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Chiefland out of water deal

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By Lou Elliott Jones, Editor

The Nature Coast Regional Water Authority is taking shape and it looks as if Chiefland will get its wish to not participate and to not lose any water from the city’s new wellhead site.

The discussion group forming the regional water authority hammered out the wording of its governing utility agreement with participation by Dixie and Gilchrist counties and the cities of Fanning Springs, Trenton, Cross City and Bell.

Chiefland had participated for several months in the discussions of supplying water to Trenton, Fanning Springs and Old Town. The talks started to break down when the Suwannee River Water Management District proposed forming the regional water authority and using the well that Chiefland and the District put in on 155 acres of land. The Chiefland Commission has not wanted to lose control of the wellhead or water rates to city residents.

Since then the city had approached the district about exercising its option to purchase 33 acres of the site and the District has approved the purchase. But the District board has refused to sell the remaining 122 acres to the city.

When the group meets again in late January, the 19 members will have two agreements to consider— one for the current six-member authority and one for a seven-member authority that includes Levy County.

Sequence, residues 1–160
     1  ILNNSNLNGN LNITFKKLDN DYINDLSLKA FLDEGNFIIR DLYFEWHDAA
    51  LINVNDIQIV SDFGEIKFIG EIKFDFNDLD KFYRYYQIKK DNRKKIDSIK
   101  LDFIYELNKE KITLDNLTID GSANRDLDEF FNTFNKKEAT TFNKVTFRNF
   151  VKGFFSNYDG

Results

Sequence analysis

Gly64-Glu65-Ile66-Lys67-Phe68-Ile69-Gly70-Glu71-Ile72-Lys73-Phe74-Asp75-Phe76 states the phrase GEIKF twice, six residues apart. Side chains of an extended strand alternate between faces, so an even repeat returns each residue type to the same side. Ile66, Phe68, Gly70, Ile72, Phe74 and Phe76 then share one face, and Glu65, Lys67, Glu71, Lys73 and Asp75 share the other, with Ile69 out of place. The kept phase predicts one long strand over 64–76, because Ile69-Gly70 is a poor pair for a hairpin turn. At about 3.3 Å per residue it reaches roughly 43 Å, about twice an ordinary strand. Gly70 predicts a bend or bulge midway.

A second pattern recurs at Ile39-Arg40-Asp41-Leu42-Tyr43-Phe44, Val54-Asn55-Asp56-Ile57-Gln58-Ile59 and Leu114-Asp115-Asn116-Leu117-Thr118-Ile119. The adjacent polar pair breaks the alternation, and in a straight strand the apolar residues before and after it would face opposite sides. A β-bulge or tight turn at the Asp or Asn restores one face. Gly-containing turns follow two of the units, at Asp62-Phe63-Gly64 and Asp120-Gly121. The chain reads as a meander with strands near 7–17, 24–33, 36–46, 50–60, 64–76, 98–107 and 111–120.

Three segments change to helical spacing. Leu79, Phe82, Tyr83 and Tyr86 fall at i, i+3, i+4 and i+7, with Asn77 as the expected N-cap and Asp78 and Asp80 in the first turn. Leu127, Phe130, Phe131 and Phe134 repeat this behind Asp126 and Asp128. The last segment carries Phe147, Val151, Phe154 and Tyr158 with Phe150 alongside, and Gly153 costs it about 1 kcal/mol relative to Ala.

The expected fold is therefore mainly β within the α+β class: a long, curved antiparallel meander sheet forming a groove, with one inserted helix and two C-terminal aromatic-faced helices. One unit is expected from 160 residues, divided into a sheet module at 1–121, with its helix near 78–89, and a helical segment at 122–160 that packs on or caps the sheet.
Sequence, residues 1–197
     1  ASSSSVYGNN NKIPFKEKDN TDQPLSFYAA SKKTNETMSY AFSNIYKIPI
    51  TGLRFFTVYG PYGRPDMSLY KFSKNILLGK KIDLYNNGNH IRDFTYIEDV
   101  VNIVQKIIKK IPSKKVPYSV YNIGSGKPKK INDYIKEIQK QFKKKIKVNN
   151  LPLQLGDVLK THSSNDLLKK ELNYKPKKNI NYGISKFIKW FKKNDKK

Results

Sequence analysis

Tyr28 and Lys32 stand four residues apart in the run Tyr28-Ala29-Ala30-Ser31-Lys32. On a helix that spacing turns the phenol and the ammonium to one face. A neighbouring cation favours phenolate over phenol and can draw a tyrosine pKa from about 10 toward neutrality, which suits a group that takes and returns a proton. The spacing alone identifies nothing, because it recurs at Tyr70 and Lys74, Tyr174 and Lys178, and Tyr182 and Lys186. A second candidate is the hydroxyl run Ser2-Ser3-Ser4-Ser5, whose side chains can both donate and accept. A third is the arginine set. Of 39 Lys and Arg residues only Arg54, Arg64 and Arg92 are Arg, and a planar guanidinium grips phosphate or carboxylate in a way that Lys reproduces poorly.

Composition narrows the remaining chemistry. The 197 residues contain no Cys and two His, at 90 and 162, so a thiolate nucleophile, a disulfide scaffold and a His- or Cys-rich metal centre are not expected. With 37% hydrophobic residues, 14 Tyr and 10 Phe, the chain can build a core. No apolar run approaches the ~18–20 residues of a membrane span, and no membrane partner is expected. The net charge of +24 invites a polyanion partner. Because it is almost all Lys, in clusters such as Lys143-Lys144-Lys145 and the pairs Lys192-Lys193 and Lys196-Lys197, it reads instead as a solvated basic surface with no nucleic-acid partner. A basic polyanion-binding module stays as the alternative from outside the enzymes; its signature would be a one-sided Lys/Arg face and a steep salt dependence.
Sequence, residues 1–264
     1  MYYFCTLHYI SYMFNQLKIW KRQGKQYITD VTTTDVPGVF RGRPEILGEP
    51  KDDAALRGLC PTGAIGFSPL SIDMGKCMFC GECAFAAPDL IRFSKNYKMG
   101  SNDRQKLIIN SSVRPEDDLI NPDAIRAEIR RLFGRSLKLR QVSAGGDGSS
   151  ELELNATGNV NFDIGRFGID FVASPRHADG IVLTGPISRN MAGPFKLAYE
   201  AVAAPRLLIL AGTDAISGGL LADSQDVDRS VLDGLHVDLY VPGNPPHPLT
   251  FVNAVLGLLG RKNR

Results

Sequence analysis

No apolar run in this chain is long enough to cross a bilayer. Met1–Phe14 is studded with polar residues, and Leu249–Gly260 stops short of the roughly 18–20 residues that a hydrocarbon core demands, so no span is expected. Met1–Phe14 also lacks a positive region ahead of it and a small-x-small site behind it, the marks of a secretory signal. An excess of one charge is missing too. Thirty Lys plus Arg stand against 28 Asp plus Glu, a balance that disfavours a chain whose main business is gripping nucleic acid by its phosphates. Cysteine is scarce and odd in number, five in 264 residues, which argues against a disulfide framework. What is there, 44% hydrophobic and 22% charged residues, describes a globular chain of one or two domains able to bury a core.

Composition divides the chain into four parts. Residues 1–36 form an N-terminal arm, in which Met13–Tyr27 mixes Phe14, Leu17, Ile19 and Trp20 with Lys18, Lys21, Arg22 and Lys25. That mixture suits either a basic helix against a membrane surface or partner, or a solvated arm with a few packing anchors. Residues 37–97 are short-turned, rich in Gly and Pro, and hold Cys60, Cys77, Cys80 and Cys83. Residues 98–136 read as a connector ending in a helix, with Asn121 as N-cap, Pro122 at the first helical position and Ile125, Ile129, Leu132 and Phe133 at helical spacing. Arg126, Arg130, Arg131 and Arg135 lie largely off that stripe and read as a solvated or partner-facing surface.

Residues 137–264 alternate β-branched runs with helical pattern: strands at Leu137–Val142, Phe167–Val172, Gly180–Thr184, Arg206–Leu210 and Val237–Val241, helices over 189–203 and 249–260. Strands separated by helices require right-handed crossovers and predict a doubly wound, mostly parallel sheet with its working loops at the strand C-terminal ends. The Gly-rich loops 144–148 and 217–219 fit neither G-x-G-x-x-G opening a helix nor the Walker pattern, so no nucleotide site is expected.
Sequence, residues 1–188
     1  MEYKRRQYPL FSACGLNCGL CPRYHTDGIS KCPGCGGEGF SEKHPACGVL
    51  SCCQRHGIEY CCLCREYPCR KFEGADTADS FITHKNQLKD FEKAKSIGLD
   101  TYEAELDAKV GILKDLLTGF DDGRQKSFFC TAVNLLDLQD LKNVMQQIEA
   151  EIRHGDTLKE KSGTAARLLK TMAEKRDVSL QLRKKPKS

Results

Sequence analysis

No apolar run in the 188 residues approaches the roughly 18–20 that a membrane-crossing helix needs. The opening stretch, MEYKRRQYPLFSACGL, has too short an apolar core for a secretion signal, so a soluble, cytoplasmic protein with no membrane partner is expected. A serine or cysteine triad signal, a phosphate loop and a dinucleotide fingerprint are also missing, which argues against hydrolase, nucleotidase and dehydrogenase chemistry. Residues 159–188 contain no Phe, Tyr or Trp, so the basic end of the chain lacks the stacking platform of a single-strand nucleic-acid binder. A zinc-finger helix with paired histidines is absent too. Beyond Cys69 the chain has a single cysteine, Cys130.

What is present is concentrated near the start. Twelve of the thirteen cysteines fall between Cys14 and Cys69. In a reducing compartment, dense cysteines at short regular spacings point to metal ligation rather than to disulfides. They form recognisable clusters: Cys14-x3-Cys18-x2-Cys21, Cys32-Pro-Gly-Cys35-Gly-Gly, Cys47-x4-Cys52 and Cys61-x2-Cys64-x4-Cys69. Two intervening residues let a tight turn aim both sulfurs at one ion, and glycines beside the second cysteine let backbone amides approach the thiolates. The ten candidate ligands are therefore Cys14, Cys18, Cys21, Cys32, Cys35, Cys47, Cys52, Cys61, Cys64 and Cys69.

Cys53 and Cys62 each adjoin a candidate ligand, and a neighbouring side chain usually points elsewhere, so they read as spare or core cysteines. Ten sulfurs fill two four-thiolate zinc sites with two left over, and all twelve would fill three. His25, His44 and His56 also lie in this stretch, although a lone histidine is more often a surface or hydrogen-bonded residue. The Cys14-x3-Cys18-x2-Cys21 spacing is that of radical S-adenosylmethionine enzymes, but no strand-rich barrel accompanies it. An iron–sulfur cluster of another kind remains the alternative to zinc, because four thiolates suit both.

Levy County has been invited to join the Authority, but with the county commission short two members due to suspensions, Chairman Nancy Bell is reluctant to move ahead on the matter, according to county officials. However, Shenley Neeley of the county’s planning department did attend the meeting.

The group also decided to go ahead with plans to do a study of possible wellhead sites within a 5-mile radius of State Road 26 and County Road 341 northeast of Fanning Springs.

Steve Minnis, director of governmental affairs for the District, said he anticipates going to the District board in January to do the well field study for the authority.” This can be done a pretty fast track,” Minnis said.

Ron McQueen, Gilchrist County administrator, said the group should move on the project — including a well, treatment and distribution system.

“We’re going to miss a golden opportunity for an economic stimulus package,” he said. “The kind of money we’re looking at . . .we could put in $20 million now and that’s capital debt free.

“The federal government is going to be giving away millions of dollars and $20 million would put in well fields and distribution lines.”

The said the water plans are not complicated and the project is just what Gov. Charlie Crist has charged with water districts to accomplish.